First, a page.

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George H.W. Bush: a legacy of service with deep connections to the Navy and Hampton Roads

NORFOLK, Va. – As the nation says farewell to George H.W. Bush, the 41st president leaves behind a deep legacy of service to our country in a life story that is woven through the Navy and Hampton Roads.

It was on his 18th birthday, June 13, 1942, that George Herbert Walker Bush enlisted in the US Naval Reserve, just months after the attack on Pearl Harbor on December 7, 1941.

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Over the course of the next year, he underwent pre-flight training at the University of North Carolina at Chapel Hill, distinguishing himself as one of the youngest naval aviators. Bush was commissioned as an ensign in the Naval Reserve just days shy of his 19th birthday on June 9, 1943.

Reporting for active duty in August 1942, Bush would go on to see action in World War II. He received credit for sinking a small cargo ship and attacking Japanese installations on Chi Chi Jim in September of 1944, where his aircraft was hit, but Bush managed to finish the mission and bail out before being rescued by the submarine USS Finback.

Throughout 1944, Bush flew 58 combat missions, receiving the Distinguished Flying Cross and three Air Medals.

It was during his service in the Navy that Bush would begin a relationship with Hampton Roads that would last the rest of his life. Reassigned to Norfolk, Bush was put in a training wing for new torpedo pilots and later was assigned as a naval aviator for a new torpedo squadron.

After the surrender of Japan, Bush was honorably discharged in September 1945 and then began his education at Yale University.

His connection to Hampton Roads and the Navy was far from over, though, as his career continued with roles including Director of the Central Intelligence Agency, vice-president, and ultimately president.

In 1989, Bush was president when an explosion on the Norfolk-based battleship USS Iowa killed 47 crewmen. Days later, Bush and his wife, Barbara, were in Norfolk for a memorial service for the victims held at Naval Station Norfolk.

The next year, Bush was the principal speaker at Newport News Shipbuilding when the USS George Washington, a Nimitz-class aircraft carrier, was christened.

He also delivered the commencement address at Hampton University in May 1991. It was that same year that the U.S. Navy Memorial Foundation awarded Bush the Lone Sailor award for his naval and government service.

Bush’s legacy will continue for decades to come in Hampton Roads and across the world thanks to an aircraft carrier bearing his name.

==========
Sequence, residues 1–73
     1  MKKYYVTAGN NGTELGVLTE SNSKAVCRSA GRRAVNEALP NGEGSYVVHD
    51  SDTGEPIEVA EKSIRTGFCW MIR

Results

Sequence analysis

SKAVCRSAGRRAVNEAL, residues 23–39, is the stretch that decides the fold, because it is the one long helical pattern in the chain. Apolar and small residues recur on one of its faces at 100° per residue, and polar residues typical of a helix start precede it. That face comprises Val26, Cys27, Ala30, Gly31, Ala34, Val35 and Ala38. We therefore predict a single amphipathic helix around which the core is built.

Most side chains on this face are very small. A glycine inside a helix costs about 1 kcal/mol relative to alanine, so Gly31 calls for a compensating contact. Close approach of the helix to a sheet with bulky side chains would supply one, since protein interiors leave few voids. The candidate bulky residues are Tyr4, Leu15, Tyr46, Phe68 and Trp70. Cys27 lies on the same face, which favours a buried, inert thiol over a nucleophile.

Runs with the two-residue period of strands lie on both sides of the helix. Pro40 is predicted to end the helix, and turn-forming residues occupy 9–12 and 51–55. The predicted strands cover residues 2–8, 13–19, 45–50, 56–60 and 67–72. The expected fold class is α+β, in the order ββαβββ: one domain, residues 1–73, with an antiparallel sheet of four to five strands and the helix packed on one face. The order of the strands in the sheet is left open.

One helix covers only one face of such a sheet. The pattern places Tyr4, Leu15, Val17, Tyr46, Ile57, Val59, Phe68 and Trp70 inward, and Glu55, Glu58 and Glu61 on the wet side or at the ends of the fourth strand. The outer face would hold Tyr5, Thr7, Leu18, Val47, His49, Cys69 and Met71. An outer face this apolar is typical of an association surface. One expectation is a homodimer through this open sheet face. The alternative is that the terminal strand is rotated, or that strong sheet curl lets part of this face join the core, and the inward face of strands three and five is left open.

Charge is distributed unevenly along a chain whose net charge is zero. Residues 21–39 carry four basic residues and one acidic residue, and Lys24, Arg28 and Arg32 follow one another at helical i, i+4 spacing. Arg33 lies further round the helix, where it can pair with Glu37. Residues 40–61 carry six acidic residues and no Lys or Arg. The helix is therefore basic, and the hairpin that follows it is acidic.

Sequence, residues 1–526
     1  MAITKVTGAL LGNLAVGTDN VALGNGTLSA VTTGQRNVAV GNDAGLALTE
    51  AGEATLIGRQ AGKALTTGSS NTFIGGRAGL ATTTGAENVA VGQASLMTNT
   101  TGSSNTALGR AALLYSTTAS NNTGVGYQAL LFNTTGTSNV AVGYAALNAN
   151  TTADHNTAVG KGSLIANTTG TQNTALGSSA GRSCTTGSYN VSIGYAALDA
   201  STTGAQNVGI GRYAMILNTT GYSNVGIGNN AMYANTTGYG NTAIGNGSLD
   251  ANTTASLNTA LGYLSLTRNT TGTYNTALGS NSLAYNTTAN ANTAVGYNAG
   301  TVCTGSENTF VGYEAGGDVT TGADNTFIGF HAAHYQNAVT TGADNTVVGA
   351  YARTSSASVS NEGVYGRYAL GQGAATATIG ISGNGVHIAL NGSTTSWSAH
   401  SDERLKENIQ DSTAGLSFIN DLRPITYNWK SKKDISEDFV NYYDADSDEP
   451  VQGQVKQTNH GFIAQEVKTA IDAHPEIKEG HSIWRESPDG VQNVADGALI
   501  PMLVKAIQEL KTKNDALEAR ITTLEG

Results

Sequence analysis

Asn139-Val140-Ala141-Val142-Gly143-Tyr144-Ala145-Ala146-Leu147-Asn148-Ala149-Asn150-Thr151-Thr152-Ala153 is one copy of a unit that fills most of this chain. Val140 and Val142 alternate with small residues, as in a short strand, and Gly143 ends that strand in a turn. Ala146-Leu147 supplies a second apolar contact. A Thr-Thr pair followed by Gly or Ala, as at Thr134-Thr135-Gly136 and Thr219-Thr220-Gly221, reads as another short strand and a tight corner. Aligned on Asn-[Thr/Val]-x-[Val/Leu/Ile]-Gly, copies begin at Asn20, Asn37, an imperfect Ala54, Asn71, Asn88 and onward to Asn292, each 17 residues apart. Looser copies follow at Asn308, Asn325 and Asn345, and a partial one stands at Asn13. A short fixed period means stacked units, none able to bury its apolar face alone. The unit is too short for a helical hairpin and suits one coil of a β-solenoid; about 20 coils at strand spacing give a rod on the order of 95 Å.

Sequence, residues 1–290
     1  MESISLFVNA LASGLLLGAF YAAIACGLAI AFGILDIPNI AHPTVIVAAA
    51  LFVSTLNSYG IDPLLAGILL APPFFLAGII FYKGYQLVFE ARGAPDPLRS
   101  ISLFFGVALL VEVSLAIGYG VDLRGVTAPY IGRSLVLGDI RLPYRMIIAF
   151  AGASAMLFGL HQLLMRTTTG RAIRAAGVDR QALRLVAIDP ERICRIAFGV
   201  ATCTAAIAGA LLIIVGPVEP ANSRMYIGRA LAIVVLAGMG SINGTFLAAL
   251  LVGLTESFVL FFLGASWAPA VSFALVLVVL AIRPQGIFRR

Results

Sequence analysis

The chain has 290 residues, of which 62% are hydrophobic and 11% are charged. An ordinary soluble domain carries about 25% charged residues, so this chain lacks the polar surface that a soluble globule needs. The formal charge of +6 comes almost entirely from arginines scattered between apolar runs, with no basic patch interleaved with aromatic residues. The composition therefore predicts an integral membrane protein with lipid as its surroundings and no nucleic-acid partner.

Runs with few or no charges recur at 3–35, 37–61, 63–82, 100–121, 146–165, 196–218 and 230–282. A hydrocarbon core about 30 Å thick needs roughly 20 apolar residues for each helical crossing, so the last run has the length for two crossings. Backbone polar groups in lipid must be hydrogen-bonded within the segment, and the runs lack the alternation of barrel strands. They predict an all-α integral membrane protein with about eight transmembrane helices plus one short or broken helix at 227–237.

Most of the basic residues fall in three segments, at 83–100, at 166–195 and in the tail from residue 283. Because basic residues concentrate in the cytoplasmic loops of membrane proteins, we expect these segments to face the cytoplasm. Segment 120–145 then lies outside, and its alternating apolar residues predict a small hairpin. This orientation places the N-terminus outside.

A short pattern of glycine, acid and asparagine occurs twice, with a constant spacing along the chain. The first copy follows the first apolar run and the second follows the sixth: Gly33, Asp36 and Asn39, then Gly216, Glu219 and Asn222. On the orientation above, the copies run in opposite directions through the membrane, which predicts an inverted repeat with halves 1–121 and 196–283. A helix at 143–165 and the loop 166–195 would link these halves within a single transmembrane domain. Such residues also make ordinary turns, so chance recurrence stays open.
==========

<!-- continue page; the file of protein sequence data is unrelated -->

In the 2000s, Bush visited the region on several occasions, marveling at the construction of the carrier named for him, the USS George H.W. Bush. That ship, CVN-77, was built in Newport News and is the final Nimitz-class carrier.

On January 10, 2009, Bush was at the waterfront at Naval Station Norfolk when the carrier was commissioned, becoming a part of the active fleet.

In a statement to News 3, Huntington Ingalls Industries President and CEO Mike Petters reflected on the relationship between the yard and Bush. Newport News Shipbuilding is a division of Huntington Ingalls Industries.

"We had the great pleasure of hosting President George H. W. Bush four times during the construction of his namesake ship,  USS George H.W. Bush (CVN 77). He was so proud of that ship and so enthusiastic. Yet, more importantly, he was so kind and gracious to the shipbuilders building it, and would stand for hours at a time meeting them and thanking them during his visits. He was truly the epitome of a class-act gentleman and he will be greatly missed," Petters said in the statement.

The Navy's top Admiral, Chief of Naval Operations Admiral John Richardson, also reflected on the legacy of Bush.

“A Statesmen. A Public Servant. A Sailor. The country has lost a great leader and we have lost a true shipmate. He epitomized integrity, accountability, initiative, and toughness in the service of our Nation. A Naval Aviator during WWII, a Congressman, Ambassador to the United Nations, CIA Director, Vice President, President, husband and father. His memory will continue to inspire us through the service of the aircraft carrier bearing his name. USS George H. W. Bush (CVN 77) will continue to deploy around the world, protecting America from attack and securing the freedoms President Bush fought so hard to safeguard. Fair winds and following seas, Mr. President," Admiral Richardson shared.

During an address on the aircraft carrier named for him, Bush reflected on what his Navy service meant to him, saying “My Navy days taught me the true meaning of friendship and of freedom. And looking back, I love my time serving in the Navy, the three years, aboard the San Jacinto, CVL 30, flying in Torpedo Squadron 51. And they made a man out of a scared kid.”

In tribute, 100 Sailors from the carrier are flying to Joint Base Andrews where Bush's casket is expected to arrive from Texas Monday afternoon, rendering him military honors.

The aircraft carrier bearing his name, homeported in Norfolk, will continue to carry on his name and lifetime of service for decades to come.

Photos: George H.W. Bush's service to nation and Navy, woven through the history of Hampton Roads